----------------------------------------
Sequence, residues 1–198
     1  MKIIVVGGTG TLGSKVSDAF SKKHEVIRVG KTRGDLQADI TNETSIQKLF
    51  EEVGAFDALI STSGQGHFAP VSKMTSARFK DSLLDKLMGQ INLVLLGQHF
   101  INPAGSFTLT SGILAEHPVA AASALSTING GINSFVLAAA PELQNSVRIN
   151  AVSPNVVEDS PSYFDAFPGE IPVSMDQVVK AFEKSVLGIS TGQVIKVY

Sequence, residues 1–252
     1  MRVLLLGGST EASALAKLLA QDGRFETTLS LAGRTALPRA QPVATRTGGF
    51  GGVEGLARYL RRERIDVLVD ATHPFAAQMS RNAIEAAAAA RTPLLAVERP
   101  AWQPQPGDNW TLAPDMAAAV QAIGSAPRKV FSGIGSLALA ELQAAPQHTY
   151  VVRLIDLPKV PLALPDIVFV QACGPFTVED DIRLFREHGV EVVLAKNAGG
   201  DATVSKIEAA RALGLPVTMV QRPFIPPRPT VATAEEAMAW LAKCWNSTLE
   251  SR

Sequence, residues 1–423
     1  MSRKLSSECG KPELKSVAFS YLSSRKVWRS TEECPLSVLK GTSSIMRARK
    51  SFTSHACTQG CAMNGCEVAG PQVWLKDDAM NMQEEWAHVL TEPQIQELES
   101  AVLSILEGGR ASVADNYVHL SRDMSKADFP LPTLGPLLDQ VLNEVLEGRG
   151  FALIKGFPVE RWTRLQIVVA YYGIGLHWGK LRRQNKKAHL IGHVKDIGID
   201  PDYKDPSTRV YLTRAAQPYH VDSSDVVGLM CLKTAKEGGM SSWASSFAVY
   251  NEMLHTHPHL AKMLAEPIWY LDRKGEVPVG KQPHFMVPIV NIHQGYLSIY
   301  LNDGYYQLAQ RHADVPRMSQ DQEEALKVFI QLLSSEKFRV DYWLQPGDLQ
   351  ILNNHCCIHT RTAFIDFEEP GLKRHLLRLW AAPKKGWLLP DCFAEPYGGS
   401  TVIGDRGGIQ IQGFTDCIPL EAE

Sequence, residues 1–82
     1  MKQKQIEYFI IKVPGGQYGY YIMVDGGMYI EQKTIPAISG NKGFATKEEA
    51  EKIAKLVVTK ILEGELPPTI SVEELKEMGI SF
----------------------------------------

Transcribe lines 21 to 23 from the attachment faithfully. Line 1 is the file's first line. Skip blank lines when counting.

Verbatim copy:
   351  ILNNHCCIHT RTAFIDFEEP GLKRHLLRLW AAPKKGWLLP DCFAEPYGGS
   401  TVIGDRGGIQ IQGFTDCIPL EAE

Sequence, residues 1–82